If you open a .QGS with a text editor you will see some XML code. Your project layers are inside
<projectlayers> ... </projectlayers> tags and each layer is in
<maplayer>...</maplayer> tags. Search through the
maplayer tags until you find the broken one that has a missing source. You can search for the
layername tag to help you.
Once you find that, search for the next
<renderer-v2> tag. This is the style definition for that layer. Copy all the text including the open
<renderer-v2> and closing
</renderer-v2> tag. All that text is a valid QGIS style definition which we can put into a QML file.
Put that text into a new file with a header with a
<qgis ... tag so the start looks like this:
<!DOCTYPE qgis PUBLIC 'http://mrcc.com/qgis.dtd' 'SYSTEM'>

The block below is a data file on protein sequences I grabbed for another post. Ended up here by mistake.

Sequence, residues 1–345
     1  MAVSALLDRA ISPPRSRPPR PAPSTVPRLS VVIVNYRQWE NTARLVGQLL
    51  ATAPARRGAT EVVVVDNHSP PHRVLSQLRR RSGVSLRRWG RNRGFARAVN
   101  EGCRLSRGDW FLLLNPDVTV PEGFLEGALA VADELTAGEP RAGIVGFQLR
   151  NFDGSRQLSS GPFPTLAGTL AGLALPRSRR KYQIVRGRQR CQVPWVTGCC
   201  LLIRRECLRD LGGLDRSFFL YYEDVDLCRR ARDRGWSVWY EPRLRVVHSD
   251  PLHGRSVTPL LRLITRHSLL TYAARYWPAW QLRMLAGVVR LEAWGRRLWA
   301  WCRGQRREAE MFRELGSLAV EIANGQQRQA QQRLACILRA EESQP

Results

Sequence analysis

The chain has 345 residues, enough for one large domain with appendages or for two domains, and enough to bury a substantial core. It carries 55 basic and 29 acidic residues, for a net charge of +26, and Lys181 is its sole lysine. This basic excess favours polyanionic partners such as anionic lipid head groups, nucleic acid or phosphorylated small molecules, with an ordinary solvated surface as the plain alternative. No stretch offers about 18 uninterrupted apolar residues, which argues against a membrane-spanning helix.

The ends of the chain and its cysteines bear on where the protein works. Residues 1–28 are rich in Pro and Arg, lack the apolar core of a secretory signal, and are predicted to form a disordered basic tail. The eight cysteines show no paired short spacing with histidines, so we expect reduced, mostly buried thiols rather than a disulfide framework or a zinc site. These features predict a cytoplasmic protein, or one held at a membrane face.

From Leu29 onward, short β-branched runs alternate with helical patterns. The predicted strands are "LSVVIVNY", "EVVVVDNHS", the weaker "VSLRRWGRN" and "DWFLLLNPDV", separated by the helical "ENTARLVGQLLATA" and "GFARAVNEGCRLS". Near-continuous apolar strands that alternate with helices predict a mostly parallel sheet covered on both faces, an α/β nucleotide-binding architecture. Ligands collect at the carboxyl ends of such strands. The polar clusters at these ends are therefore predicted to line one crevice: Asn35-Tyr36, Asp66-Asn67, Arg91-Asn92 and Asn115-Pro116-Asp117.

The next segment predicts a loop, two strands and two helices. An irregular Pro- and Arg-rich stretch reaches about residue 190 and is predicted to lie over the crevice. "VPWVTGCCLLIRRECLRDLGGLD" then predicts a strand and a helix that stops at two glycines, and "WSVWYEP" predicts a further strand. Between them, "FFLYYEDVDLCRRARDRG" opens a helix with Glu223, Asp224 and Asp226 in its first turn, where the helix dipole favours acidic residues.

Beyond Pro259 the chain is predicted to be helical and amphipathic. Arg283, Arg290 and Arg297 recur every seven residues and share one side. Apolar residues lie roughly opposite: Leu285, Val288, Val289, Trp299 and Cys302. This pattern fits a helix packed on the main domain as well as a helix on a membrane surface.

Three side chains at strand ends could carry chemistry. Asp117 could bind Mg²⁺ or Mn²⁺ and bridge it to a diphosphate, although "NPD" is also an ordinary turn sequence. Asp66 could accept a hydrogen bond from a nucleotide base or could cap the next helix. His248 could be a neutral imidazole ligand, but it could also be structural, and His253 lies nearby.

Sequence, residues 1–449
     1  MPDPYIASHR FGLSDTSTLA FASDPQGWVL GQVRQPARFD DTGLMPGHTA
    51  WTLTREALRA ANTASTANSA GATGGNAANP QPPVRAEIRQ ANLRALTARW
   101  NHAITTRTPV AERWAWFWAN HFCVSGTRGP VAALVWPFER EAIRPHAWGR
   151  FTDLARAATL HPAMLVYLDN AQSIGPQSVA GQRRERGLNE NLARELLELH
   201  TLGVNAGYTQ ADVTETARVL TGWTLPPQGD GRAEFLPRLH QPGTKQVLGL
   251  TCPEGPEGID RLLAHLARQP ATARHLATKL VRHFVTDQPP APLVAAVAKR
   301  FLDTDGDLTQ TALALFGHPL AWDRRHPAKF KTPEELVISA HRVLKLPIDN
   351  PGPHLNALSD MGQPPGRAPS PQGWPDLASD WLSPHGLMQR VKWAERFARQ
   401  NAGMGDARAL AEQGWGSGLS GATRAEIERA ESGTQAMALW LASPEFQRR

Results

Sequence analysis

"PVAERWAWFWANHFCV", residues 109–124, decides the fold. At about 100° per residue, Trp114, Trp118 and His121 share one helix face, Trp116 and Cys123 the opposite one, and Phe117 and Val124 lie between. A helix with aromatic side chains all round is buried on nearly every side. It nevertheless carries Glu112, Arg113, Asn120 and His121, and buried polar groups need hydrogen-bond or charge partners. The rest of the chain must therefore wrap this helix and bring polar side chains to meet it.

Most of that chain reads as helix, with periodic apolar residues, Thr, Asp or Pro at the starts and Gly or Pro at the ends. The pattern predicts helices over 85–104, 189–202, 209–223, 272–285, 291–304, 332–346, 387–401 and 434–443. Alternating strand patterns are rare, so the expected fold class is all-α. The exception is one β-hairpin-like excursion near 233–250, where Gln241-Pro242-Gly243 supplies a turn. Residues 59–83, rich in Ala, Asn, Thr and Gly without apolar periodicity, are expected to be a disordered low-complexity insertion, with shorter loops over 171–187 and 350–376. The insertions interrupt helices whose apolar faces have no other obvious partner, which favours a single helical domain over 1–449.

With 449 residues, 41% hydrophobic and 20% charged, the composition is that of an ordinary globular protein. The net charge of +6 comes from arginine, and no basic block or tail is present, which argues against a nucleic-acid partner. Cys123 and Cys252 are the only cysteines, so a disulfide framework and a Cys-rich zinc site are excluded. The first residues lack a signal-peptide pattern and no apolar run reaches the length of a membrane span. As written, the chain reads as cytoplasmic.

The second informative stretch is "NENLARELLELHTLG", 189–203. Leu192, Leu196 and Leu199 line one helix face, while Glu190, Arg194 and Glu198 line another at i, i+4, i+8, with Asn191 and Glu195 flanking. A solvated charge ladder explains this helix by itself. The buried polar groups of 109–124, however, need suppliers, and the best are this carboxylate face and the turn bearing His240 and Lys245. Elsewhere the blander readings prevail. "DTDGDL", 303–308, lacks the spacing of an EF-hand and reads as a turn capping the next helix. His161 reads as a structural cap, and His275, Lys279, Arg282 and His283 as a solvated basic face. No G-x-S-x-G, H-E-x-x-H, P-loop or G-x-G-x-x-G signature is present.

<qgis simplifyDrawingHints="1" simplifyLocal="1" maxScale="0" simplifyMaxScale="1" styleCategories="AllStyleCategories" version="3.4.2-Madeira" simplifyDrawingTol="1" labelsEnabled="0" minScale="1e+8" readOnly="0" hasScaleBasedVisibilityFlag="0" simplifyAlgorithm="0">
<renderer-v2 type="singleSymbol" enableorderby="0" symbollevels="0" forceraster="0">
<symbol name="0" type="marker" alpha="1" clip_to_extent="1">
and it ends with
</renderer-v2>. Save this file as
Then in QGIS from the properties dialog of an existing layer you can load this QML file and use it to style it. Note it has to be compatible - you'll struggle to apply a polygon style to a point layer, for example.
I'm working with QGIS 3.4, and it saves
.qgz files, which are zipped
.qgs files. You can run your standard unzipping program on a
.qgz to get a
.qgs which you can edit to get the style info in the
If you have a lot of these to do then a short Python program could be written to extract all the renderer info from a QGS and save it in separate QML files - it would not surprise me if something like this didn't already exist or was part of a QGIS plugin...